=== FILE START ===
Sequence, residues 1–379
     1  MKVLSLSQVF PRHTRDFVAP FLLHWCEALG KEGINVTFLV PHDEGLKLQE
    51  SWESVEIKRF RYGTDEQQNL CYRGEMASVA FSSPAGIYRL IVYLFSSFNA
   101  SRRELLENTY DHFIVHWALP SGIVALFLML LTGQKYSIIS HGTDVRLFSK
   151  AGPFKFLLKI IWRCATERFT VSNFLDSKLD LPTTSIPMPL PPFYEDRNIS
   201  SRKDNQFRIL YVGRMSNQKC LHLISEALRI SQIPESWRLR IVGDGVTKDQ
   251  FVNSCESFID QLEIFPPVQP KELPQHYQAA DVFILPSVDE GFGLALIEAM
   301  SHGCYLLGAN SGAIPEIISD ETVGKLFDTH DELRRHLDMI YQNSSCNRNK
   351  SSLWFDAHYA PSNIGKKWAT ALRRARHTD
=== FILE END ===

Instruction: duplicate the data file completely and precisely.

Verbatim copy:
Sequence, residues 1–379
     1  MKVLSLSQVF PRHTRDFVAP FLLHWCEALG KEGINVTFLV PHDEGLKLQE
    51  SWESVEIKRF RYGTDEQQNL CYRGEMASVA FSSPAGIYRL IVYLFSSFNA
   101  SRRELLENTY DHFIVHWALP SGIVALFLML LTGQKYSIIS HGTDVRLFSK
   151  AGPFKFLLKI IWRCATERFT VSNFLDSKLD LPTTSIPMPL PPFYEDRNIS
   201  SRKDNQFRIL YVGRMSNQKC LHLISEALRI SQIPESWRLR IVGDGVTKDQ
   251  FVNSCESFID QLEIFPPVQP KELPQHYQAA DVFILPSVDE GFGLALIEAM
   301  SHGCYLLGAN SGAIPEIISD ETVGKLFDTH DELRRHLDMI YQNSSCNRNK
   351  SSLWFDAHYA PSNIGKKWAT ALRRARHTD